Further Critical Evaluation of the Work
Molière’s DON JUAN is one of the great examples of a work of literature or drama that was ahead of its time. The play scandalized and confused Molière’s contemporaries, and only in modern times has it achieved a worthy appreciation. It was the complexity of Don Juan’s behavior that made him a puzzle to the French and a fascinating figure to later audiences. The spectators of the classical age were bewildered by a play, really a tragi-comedy, in which the unities were neglected, and which contained magic, fantasy, and buffoonery. Yet today we are intrigued by the impossible task of analyzing the haughtiness and arrogance of Don Juan, of trying to understand the depths of his hypocrisy, villainy, and despair. Molière took the Spanish hero and made him not merely a heedless libertine and unbeliever, but, by strengthening the atheism suggested by his predecessors until it dominated the play, gave his hero the deep and bitter philosophy of the man who cannot help himself, who must deny even if it destroys him.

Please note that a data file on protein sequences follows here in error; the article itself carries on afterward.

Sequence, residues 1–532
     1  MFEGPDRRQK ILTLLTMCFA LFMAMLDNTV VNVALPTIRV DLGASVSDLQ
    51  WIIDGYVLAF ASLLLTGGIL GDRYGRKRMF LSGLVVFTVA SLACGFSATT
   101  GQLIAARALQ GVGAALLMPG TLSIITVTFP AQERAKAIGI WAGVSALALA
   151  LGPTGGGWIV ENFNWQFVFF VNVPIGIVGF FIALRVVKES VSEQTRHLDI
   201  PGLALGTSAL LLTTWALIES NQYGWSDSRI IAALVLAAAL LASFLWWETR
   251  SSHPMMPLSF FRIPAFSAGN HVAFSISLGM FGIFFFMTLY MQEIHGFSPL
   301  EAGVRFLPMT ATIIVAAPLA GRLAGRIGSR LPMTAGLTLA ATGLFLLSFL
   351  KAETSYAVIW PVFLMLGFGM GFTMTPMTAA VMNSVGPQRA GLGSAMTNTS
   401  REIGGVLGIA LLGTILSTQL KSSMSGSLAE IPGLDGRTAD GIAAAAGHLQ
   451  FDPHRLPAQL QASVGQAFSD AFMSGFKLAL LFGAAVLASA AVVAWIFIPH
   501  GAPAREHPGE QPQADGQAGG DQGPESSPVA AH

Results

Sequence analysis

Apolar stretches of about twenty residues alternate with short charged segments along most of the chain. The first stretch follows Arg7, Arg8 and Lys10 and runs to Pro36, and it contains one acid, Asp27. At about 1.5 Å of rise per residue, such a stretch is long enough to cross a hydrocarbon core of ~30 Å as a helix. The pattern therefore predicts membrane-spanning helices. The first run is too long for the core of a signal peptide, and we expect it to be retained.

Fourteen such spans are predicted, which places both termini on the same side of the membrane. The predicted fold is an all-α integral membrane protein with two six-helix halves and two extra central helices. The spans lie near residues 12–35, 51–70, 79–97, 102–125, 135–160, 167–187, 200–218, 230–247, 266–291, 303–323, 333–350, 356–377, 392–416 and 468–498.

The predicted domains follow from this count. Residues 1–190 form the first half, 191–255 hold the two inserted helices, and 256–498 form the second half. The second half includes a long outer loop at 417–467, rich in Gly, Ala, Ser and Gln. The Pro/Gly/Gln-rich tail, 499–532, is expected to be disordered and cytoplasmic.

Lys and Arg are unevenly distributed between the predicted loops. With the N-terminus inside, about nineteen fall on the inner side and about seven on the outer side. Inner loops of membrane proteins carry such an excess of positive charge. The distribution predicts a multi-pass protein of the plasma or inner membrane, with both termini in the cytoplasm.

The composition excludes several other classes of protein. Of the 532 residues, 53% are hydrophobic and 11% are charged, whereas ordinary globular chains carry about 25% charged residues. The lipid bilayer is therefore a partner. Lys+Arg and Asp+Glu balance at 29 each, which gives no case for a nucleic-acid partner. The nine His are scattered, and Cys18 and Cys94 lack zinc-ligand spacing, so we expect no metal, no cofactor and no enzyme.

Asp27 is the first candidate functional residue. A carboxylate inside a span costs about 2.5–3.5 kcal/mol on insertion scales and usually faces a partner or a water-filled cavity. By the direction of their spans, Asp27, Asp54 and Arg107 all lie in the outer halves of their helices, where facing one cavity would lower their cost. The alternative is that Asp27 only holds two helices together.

The play lays bare the hero’s soul, yet the plot is surprisingly weak. It is structured in loose sequences of scenes, the main characters providing the only strong link; the great speeches, the rhetorical rhythm, are what carry the drama forward. Don Juan thought himself free from all obligations, believing neither in God nor hell nor doctors, nor in the sacredness of promises, yet as an aristocrat he assumed that others would keep...
(The entire section is 414 words.)
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